Recalling one patient who'd been in the Gaddafi compound, she says: "He came in with an abdominal injury, a broken femur and about eight or nine bullet wounds.
"It was a case that touched me. He was just a young, 17-year-old lad, full of bravado and both his friends he was with in the compound were killed."
But working for a humanitarian organisation like Medecins Sans Frontieres, Sarah says her focus is on treating the injured, no matter what their background.
"We treated a chap whose leg we had to amputate, and he was left very traumatised," she said.
"He was a member of the pro-Gaddafi forces, but I work for a neutral organisation, so it's about treating combatants from both sides."
Sarah, who has come to Libya from working in Nigeria, expects to remain in the country until mid September.
And she says Misrata seems "surprisingly normal".
"There has only been one incident where we had to take cover since I've been here, but you never quite know when something might flare up," she said.
Jenny Humphreys, 35, project advisor, Save the Children
For Jenny, the journey to Libya has been a baptism of fire; she only joined Save the Children last year, having switched to aid work from her job as a recruitment consultant.
She is among a team of eight from the charity working with about 16 local staff in the second-largest city of Benghazi. She expects to move to the capital Tripoli in the coming weeks
Jenny, from south London, says there have been several security scares, including a car bomb outside Benghazi's Tibesty hotel in June and unrest following the killing of the military commander of the Libyan rebels, General Abdel Fattah Younes, in July.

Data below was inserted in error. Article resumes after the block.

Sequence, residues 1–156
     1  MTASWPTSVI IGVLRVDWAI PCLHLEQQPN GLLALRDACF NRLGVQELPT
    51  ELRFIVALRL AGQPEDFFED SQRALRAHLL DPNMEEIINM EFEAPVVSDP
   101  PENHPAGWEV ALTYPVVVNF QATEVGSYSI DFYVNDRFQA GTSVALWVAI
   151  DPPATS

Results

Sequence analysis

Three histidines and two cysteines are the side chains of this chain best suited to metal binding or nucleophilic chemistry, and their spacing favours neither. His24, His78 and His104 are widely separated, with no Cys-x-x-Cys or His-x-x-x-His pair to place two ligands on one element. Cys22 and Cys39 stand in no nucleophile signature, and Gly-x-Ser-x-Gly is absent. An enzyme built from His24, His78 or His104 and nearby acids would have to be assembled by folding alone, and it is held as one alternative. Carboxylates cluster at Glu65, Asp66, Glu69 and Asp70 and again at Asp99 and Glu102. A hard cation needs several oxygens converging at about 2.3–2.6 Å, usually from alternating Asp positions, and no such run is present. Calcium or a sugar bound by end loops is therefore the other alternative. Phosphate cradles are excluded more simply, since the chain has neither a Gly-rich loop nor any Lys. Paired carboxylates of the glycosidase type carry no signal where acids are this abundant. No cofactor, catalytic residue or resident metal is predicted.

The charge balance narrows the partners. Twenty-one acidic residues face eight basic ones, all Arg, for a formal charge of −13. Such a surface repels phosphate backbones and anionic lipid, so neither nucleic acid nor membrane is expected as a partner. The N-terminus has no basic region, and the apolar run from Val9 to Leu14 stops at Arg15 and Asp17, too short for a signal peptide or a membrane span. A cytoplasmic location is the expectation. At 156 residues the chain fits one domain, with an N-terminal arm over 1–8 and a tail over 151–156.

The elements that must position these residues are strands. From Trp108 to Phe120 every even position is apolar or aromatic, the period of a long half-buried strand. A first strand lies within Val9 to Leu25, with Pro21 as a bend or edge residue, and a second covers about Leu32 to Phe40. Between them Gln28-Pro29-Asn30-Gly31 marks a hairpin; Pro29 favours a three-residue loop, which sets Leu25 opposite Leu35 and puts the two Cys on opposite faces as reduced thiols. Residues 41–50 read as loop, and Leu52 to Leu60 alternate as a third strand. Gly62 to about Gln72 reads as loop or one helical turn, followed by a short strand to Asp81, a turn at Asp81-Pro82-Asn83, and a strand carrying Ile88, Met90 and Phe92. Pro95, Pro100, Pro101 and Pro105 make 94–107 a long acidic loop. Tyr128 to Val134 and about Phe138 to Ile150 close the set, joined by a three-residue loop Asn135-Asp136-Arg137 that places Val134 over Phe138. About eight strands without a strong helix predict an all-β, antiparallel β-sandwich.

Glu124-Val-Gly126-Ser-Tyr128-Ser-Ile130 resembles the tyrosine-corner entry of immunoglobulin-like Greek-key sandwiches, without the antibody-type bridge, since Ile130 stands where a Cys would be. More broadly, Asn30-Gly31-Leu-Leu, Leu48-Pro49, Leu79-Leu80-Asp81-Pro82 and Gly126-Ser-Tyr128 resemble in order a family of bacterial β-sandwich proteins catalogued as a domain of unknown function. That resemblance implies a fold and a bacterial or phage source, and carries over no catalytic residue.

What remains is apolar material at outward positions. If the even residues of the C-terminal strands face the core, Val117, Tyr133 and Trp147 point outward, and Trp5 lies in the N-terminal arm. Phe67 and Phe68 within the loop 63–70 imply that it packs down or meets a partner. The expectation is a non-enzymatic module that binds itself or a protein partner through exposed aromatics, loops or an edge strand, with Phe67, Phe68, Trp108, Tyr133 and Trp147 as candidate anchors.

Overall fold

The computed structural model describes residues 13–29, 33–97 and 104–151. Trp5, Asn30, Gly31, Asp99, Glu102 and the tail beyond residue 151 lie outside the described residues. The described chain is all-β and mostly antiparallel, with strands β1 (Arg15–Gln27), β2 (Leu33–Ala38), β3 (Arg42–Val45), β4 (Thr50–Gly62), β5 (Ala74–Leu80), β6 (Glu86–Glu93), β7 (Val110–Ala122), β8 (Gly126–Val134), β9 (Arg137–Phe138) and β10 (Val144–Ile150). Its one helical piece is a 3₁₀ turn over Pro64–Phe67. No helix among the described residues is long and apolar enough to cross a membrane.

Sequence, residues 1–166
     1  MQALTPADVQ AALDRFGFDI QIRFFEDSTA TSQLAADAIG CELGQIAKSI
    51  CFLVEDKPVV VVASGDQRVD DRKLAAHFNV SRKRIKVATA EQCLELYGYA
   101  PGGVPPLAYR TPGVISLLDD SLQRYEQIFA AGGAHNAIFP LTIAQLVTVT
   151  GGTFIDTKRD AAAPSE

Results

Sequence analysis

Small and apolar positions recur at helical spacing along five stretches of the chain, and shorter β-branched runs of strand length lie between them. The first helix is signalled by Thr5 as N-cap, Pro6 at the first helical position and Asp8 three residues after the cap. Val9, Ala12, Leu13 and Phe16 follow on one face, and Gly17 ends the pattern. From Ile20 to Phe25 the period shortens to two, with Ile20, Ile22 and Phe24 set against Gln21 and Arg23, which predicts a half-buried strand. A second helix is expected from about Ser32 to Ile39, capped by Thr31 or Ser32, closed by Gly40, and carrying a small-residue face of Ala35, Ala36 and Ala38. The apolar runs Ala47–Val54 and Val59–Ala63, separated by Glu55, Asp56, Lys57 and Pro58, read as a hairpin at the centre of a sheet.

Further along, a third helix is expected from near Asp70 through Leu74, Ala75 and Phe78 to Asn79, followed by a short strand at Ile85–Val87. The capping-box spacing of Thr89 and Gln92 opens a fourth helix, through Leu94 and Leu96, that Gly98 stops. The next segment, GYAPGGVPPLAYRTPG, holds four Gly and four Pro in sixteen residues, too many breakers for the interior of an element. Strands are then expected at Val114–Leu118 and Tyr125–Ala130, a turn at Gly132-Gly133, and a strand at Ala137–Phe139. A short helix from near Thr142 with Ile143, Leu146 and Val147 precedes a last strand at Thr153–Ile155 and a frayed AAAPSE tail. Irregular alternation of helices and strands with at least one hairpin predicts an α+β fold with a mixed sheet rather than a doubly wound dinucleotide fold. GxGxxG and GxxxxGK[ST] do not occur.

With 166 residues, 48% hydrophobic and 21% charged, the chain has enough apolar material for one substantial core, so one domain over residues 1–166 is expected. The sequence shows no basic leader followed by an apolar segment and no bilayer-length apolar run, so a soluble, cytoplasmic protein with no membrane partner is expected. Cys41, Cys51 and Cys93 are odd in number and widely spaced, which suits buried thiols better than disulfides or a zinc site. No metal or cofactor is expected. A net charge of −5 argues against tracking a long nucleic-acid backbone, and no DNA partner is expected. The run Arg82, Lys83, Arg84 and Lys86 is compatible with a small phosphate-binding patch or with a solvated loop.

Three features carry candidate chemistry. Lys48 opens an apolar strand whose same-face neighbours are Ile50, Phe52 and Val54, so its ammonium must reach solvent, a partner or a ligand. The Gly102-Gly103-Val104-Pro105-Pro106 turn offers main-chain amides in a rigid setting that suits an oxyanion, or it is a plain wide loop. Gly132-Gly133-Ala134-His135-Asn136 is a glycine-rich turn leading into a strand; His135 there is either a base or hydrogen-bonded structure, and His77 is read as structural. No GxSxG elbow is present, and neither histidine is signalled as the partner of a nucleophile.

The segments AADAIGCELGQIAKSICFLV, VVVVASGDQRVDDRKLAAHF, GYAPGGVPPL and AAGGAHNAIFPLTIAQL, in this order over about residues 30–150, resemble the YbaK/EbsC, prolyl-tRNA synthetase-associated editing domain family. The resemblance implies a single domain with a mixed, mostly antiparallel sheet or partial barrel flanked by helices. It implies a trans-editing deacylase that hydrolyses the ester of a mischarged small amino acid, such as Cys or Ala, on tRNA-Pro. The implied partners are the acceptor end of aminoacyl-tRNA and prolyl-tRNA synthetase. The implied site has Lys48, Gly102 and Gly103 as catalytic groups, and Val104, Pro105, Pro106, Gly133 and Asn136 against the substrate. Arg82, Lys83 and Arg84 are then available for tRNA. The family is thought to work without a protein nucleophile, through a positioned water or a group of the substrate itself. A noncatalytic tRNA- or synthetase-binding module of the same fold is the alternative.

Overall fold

At times like this, aid workers can face anxious waits inside their living quarters for up to 24 hours.
"It's incredibly long hours and hard work in difficult circumstances. We often have no power throughout the day and the internet fails on a regular basis - all of that adds up.
"But you are so energised in the work that you forget about where you are and the dangers."
She works with families who have fled the centres of conflict in Misrata, Brega and Ajdabiya. Some live in university halls, while others are housed in accommodation meant for migrant workers who fled the area when the uprising began.
Save the Children programmes target education, child protection and health. Aid workers run games and activities to try to reach traumatised youngsters through play, singing, music or art.
Many youngsters now in Benghazi have seen their homes and neighbourhoods destroyed and watched as sons, brothers and fathers go off to war, says Jenny.
"We have seen that children are initially drawing pictures of battles, violence, weapons - and over time, a few weeks or so, these pictures become less violent and focus on normal childhood scenes, such as families, homes and seaside scenes," she adds.
The team trains community members - teachers, social workers and volunteers - to recognise symptoms of distress in children, and to be able to explain that these feelings are natural.
"We're hearing stories talking about children having terrifying nightmares and screaming in the night. Some children have separation anxiety because they can't bear to be apart from their parents."
Jenny says there is a now a sense in Benghazi that life is returning to normal.
"The wonderful thing about Libya, and certainly Benghazi, is that the community spirit and the desire to reach out and help everybody is so strong," she says.